Inevitably, the risks involved and the political climate surrounding the project caused the OTM and the ASTC to lose impetus. When the Prymontians made their M-1 series of reactors available for allied purchase in 1980, the ASTC rejected pending proposals to restart the Heavy Metal project and simply approved the purchase of the M-1s instead. It would take 20 years for the politics surrounding the project to change. In this time 2 reactor related incidents are believed to have caused the loss of one submarine and caused severe damage to another. 


By 1991, Project Heavy Metal 2 was approved with some of the original members of the pioneer team leading a research and development program with nearly twice the manpower and funding. This time, the project lead's friendship with the then-newly elected Defence Minister, Ricardo Ibanes, is believed to have contributed to the carte blanche the HM2 team had over materials.



Early Reference Diagrams for "Heavy Metal II", later designated as "Mk. II" 




OOC: OwO Iverica, wuts this then slut? This is my attempt to have a go at nuclear energy development, though focusing on nuclear marine reactors here. I'm going to try maybe 3-4 part RP to establish historical context, challenges, and innovations. Bear in mind this is undertaken because Iverica's tech-level and economy checks out for this kind of project.

I'm thinking Part II will talk about Mk. II and Materials: including enrichment and progress made with the reactor design. Part III or Part IV may include an anecdotal story. The last part will talk about the currently in-development Mk. III HEU reactor with @Gallambria.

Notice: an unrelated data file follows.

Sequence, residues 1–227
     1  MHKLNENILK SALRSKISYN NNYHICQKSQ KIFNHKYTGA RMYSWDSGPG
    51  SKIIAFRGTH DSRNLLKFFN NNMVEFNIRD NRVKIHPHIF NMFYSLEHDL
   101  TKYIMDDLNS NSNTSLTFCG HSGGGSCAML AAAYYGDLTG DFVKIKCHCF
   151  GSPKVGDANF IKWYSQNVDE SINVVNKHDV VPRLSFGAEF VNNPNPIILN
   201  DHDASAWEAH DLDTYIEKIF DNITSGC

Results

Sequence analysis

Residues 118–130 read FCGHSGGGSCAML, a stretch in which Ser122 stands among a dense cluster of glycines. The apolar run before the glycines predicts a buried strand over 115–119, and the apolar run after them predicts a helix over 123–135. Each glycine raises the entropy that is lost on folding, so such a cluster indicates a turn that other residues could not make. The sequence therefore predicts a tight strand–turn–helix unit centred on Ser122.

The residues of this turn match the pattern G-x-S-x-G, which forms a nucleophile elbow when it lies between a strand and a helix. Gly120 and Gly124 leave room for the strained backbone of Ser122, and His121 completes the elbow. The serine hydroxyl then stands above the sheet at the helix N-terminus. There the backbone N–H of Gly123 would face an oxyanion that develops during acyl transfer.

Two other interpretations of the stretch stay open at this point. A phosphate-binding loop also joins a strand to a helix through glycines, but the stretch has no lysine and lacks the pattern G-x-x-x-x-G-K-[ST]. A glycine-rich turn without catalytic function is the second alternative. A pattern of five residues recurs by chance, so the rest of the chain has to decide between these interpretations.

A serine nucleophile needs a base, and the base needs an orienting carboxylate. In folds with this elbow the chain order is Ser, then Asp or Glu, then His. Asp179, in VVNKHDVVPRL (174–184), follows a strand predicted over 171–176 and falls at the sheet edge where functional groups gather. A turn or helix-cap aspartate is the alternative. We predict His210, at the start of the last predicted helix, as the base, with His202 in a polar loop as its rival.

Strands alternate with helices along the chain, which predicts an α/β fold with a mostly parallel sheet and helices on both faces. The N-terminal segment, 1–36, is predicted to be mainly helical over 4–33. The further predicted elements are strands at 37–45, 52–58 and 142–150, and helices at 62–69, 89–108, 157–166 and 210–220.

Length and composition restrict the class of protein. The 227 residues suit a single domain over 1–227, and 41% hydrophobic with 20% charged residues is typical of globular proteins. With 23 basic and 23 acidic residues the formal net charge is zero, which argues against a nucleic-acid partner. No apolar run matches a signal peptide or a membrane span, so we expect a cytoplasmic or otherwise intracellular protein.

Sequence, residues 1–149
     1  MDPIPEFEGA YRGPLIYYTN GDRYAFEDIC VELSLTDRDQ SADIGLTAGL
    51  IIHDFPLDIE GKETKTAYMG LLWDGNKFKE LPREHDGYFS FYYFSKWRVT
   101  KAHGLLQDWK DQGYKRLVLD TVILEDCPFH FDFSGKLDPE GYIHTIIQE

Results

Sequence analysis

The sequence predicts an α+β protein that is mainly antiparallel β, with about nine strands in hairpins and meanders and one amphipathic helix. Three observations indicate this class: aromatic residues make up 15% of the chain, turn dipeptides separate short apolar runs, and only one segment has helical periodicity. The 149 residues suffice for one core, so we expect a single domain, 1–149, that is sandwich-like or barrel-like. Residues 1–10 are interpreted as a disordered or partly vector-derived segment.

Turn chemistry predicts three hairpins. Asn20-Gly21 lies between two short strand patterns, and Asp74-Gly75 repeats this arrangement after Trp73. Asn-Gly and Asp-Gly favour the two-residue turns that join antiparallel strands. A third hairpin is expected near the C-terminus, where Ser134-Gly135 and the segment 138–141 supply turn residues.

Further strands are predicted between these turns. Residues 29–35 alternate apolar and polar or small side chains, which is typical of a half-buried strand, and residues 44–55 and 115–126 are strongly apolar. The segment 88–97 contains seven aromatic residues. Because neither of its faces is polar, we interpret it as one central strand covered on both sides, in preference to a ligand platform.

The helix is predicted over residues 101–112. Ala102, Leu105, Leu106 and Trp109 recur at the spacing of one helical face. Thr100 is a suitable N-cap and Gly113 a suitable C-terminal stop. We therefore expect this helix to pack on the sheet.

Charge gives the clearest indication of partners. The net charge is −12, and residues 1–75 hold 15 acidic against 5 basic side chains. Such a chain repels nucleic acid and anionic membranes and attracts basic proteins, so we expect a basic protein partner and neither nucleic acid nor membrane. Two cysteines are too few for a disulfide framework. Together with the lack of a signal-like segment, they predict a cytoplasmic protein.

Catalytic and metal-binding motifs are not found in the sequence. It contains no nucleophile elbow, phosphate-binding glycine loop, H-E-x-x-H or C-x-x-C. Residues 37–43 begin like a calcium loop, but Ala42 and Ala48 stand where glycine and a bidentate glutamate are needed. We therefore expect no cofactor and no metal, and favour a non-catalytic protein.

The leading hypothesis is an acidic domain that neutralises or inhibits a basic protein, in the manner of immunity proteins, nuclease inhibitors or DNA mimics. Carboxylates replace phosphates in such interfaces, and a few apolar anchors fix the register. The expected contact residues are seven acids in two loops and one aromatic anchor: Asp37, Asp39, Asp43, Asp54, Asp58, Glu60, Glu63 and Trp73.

There's also an Easter egg. Finding it will earn you one afterlife Lamborghini from yours truly.

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  • 3 weeks later...

PART II: High-Assay, Electric Drives, & Heavy Metal II


With the carte blanche the team had, research for Heavy Metal II was substantially faster. By 1992, the team had drawn up a far more ambitious design for nuclear marine propulsion. It borrowed heavily from the time-proven elements of the Prymontian reactor and drive system but with substantial advancements planned.

First, the fuel rods to be used were planned to be made of a higher percentage of Uranium-235. Second, control rods and their systems were also redesigned and were outlined to be made of much more stable materials. Third, improvements to the mechanical drive system were also made. Though still a purely mechanical system directly connected to the steam turbine, improvements were made to the transmission, cooling, and pumps- all improvements that reduced the system's acoustic profile.


New Fuel

The design passed review. However, there was one issue. Inspection of fuel rods produced domestically yielded a dubious evaluation. HM Team members were not satisfied with the enrichment process and the overall quality of the fuel rods. After 3 months of indecision from the Ministry of Defence, the HM team obtained clearance to reach out to the @Gallambrian Government. Discussion and red tape delayed the team a further 9 months. At last, in 1993, several test rods were obtained. Concurrently, Gallambrian consultants were also brought in to assist with the creation of a new enrichment facility in Léon Province. The aim for the facility was that it was to eventually produce fuel rods ranging from 10%-15% U-235.